President’s Tea at the Istana
At the same event, PS also announced that the President of Singapore will be hosting a tea session for social work professionals at the Istana grounds for the first time on 18 Sep 1998.
Outstanding Social Worker Award
In the same year, the most prestigious award for Social Workers in Singapore was also inaugurated. Today, we have more than 50 who have received the Outstanding Social Worker Award. The Award is now expanded to include the Promising Social Worker Award.
In the recent decade, the number of scholarships for Social Work has also increased and the credentials of the candidates have included outstanding achievements in both academic and community service.
A high level of professionalism is a mark of a mature profession. It is marked by the ability to take charge and to be in control and accountable for what is a professional judgement and opinion. It involves a systems approach at viewing issues and goes beyond the individual cases. It is a professional wisdom that is drawn from among other things, the collective experience of intervening in many individual cases. Social work in Singapore is relatively young in comparison to many of the other professions such as engineers, lawyers or accountants. Even among the human services, social work is a more recent discipline compared with the doctors, dentists and nurses.
Key to the standing of a profession is also its ability to produce and publish knowledge about its professional expertise. The sharing of that knowledge through journals and other publications are hallmarks of a profession and adds to the public face of a profession. Writing and publishing writing are a reflection of the profession's capacity to produce knowledge and apply it to improve services to citizens.
Today, social workers in Singapore share their unique experiences and learning. Some have published their application of theories and practice. New perspectives to old problems and issues have helped us to deliver services better.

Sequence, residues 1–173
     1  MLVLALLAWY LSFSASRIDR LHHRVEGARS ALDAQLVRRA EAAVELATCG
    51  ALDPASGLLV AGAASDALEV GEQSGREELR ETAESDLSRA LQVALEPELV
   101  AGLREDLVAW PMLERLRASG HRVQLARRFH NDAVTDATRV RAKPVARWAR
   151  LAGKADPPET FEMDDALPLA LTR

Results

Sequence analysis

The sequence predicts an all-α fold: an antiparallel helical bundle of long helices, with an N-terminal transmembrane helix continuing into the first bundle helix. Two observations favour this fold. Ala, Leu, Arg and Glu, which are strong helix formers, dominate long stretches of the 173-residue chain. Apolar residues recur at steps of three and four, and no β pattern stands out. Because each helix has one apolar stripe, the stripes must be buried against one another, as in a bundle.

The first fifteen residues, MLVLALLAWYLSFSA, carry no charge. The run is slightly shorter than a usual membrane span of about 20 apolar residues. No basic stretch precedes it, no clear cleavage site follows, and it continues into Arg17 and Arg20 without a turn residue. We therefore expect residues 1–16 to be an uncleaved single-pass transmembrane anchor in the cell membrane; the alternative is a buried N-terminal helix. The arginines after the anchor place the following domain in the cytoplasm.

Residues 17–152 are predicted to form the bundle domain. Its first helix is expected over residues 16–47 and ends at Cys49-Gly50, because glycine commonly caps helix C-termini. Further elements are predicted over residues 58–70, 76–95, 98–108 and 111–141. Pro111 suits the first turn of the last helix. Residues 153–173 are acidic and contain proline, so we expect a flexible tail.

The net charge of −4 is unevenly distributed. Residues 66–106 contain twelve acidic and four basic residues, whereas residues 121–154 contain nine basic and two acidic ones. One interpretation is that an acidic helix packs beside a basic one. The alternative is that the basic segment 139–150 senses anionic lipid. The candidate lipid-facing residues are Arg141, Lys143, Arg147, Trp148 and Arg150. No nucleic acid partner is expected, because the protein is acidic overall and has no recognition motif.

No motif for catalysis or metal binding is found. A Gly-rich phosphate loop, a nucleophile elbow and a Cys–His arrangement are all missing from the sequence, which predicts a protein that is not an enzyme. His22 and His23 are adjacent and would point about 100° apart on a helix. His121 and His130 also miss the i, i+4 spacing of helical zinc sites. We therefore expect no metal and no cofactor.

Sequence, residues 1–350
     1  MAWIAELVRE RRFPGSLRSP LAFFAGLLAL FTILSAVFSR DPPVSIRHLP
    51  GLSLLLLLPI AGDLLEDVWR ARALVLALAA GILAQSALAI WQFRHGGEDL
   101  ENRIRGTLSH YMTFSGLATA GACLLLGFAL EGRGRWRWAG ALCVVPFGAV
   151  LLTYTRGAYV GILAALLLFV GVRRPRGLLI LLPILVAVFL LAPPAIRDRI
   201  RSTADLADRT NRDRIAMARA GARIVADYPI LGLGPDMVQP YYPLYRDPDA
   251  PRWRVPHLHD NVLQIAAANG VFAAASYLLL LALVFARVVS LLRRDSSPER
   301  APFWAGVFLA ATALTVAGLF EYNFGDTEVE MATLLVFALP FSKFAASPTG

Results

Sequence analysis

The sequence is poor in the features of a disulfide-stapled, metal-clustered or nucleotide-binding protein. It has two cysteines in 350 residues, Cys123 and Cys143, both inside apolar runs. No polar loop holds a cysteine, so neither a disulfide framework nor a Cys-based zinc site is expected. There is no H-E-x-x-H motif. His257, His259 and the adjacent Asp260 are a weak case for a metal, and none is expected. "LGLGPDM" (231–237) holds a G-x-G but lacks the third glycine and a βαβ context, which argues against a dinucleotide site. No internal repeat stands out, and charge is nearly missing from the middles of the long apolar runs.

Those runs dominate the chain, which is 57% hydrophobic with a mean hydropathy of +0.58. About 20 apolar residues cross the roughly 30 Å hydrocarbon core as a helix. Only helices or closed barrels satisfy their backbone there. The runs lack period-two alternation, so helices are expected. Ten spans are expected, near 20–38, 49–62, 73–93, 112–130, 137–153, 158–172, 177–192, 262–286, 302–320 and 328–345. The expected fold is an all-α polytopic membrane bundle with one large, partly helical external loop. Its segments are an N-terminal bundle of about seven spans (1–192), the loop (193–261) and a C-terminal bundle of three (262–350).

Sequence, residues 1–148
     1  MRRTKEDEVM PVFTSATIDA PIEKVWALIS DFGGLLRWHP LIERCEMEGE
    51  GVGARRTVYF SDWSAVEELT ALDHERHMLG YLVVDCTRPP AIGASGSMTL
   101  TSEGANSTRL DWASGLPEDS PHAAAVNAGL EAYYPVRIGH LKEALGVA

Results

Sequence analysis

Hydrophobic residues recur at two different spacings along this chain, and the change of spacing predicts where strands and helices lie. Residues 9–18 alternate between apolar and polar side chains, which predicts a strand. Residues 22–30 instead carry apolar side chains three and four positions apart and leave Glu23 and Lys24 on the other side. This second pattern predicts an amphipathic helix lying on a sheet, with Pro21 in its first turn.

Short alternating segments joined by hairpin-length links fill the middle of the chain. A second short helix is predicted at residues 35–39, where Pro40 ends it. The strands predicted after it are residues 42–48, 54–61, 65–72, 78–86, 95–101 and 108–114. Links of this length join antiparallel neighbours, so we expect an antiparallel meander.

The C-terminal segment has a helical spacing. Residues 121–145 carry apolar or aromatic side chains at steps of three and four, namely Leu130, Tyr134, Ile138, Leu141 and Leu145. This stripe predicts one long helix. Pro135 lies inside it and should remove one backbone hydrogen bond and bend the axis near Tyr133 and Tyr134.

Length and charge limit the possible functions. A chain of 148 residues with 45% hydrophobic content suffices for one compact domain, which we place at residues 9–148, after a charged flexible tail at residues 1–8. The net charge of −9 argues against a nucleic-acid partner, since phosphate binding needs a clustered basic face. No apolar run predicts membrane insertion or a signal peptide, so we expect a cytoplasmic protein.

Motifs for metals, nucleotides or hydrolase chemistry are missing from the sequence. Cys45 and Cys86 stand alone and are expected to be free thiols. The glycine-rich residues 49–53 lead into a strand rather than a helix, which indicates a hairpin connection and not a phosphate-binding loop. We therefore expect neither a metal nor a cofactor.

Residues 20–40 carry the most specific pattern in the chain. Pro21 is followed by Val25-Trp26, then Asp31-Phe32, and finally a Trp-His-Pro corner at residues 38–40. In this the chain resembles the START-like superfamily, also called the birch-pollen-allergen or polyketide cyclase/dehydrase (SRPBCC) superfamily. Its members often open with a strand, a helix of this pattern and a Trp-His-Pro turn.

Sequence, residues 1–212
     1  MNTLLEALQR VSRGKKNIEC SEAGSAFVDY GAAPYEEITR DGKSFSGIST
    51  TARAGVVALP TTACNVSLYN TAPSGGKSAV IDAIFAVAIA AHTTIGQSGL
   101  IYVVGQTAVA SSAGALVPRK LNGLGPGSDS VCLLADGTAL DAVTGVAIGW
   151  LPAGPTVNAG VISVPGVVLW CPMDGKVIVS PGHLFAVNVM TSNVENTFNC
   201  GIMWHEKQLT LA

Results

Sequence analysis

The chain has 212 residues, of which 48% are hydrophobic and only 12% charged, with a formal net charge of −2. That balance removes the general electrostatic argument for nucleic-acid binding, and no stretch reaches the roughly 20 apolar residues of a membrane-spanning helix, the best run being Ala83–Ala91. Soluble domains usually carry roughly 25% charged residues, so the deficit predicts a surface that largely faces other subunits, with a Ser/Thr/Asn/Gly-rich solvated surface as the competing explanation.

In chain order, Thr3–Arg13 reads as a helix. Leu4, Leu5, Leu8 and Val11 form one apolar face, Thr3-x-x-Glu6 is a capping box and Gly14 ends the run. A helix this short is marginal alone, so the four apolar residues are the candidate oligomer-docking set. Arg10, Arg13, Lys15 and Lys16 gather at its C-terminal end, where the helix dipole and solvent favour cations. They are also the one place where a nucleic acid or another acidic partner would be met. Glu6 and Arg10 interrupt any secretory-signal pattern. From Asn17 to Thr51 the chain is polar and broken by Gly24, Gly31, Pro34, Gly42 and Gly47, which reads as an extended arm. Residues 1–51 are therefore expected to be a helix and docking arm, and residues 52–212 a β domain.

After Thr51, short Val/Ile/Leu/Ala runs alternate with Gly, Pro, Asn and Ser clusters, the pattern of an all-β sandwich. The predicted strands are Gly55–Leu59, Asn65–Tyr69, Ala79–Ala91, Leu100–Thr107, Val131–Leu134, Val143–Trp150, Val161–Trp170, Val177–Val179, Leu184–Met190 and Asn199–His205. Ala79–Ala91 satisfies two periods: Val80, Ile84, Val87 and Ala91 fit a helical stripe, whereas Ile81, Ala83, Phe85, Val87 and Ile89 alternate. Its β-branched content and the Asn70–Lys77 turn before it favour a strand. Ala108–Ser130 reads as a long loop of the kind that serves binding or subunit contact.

The academic leaders and professors with their current research interests will hopefully be recognized for their research regarding social challenges, trauma-informed interventions, and evidence-based solutions.
Today we also see many social workers sitting on influential boards and committees not because of the need for power but because of their advocacy for clients, and to participate in the design of programs and service delivery. Social workers today are co-creators of policies and programs. Our skills and knowledge are now visible in society.
Social workers must continue to stay abreast of developments in interventions, behavioural economics, and global dynamics that affect social issues in international borders and intergenerational pressures. Social work is an integral part of solutions that work because social workers have stood side by side with those who are distressed, homeless, unemployed and, more often than not, resilient. Social workers are present with people as listeners and beacons of hope. And because social workers often carry the sadness of people, caring and supporting each other is so important. Social workers in most instances need to safeguard themselves from becoming cynical, un-trusting, or unimpressionable.
Now is the time for social workers to be the social architects that we are.
Director-General of Social Welfare
Ministry of Social and Family Development